Because REPUBLICANS ARE IN DISARRAY. As you might imagine, there is much wailing and gnashing of teeth on the Republican side of the aisle (though professional Democrats in New York really sucked ass–not everything is perfect), in light of their underperformance: Democrats held the Senate and might even gain a seat, and there was no Red Tsunami.
In the early Republican post-mortems, much of the anger is directed at Trump–and where he put his thumb on the primary scale, ‘his’ candidates did perform horribly. But blaming Trump himself ignores the humongous elephant in the room (SWIDT?). That is, the role white evangenicals play in the Republican party.
Based on early data, white evangelicals were a much smaller than usual fraction of the total electorate, some of which might be depressed turnout, some of which might be more non-white evangelical voters. But white evangelicals rule the Republican primaries. There is no Republican who is moderate on abortion* that could possibly win a Republican primary (maybe in one or two House seats, but certainly not state-wide). Likewise, most of these candidates have to throw a bunch of red meat on other ‘culture war’ issues to that same base. More moderate voters often find this stuff repellent and mean.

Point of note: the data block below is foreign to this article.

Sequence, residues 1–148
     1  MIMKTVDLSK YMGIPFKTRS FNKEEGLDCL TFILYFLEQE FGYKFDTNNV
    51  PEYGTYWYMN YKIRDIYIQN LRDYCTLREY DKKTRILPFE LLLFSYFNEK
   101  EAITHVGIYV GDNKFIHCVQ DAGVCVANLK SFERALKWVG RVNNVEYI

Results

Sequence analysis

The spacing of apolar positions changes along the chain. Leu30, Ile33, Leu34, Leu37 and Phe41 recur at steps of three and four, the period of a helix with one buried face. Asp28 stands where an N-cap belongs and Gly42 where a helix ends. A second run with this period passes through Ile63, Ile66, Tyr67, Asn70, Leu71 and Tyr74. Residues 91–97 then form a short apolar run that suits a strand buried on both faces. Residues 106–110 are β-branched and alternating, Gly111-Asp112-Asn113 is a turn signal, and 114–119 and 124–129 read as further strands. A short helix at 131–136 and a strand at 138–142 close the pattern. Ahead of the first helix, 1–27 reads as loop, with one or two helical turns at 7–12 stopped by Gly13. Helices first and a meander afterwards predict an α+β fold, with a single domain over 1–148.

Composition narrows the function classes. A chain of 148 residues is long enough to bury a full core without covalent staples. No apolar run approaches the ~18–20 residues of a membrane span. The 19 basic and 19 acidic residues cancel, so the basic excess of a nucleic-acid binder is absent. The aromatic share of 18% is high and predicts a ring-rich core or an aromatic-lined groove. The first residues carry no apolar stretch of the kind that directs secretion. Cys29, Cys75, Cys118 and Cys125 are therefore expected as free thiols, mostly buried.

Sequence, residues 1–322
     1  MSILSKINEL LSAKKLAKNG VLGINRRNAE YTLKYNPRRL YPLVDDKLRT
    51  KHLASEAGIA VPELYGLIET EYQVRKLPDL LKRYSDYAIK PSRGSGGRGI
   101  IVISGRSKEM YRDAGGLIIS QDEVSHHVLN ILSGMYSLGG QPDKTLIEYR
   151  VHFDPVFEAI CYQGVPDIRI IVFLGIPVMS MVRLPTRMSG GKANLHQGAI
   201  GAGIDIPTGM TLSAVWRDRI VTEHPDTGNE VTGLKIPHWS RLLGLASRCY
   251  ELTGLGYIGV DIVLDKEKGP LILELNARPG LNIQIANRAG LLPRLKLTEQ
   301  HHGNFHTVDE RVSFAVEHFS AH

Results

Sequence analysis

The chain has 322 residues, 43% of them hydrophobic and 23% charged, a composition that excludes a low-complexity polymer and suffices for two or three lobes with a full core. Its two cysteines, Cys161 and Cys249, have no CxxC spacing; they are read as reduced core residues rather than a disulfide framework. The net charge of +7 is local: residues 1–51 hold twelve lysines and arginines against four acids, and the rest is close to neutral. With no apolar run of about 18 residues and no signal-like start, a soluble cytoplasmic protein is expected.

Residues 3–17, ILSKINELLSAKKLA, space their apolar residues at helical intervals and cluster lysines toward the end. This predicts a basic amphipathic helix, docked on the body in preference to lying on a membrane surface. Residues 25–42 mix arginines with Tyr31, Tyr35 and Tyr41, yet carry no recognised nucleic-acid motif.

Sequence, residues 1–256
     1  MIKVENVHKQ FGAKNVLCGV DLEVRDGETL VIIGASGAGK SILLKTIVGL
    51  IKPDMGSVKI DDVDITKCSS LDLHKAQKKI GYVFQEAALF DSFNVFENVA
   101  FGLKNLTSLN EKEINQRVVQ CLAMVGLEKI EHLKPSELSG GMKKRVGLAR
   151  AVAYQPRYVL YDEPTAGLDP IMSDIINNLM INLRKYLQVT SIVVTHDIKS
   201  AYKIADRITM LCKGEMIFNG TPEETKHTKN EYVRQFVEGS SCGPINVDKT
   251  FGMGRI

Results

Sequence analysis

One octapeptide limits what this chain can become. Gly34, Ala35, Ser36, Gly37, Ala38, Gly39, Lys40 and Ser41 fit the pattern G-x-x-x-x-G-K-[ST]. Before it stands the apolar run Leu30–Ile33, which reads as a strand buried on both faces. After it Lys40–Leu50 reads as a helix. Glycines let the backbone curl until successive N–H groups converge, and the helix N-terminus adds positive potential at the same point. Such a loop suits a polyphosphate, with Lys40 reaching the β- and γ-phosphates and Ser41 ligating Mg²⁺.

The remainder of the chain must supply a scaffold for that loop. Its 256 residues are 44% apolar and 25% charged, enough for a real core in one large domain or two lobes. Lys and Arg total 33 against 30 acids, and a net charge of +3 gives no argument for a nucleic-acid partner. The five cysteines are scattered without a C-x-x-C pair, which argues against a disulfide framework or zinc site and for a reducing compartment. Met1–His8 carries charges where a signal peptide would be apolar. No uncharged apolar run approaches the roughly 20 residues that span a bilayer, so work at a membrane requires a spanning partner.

If white evangelical turnout remains low in swingish regions (or declines further), Republicans will have some very nasty intraparty fights on their hands, which will make the intraparty Democratic battles of the 1980s and 1990s seem sedate. But if they don’t have those fights, at best, all Republicans will do is further cement power in places they already dominate**. Until they have that fight, they’re slowly going to lose more and more, especially as the country moves away from white evangelicalism.
Almost makes me feel sorry for them. Almost.
*My guess is that after much trouble, the Republican position on abortion will be tight restrictions on abortion after five to six months, with no federal funding for abortion. Yes, this sounds like the pre-Dobbs landscape. It’s stupid we’ll have to clash over a return to the status quo, but here we are…
**The one exception to this is Florida, where an atypical Latino population (compared to the rest of the U.S.) and a significant and growing number of white evangelicals (and an increasing number of Latino evangelicals), will likely push Florida into the Republican column.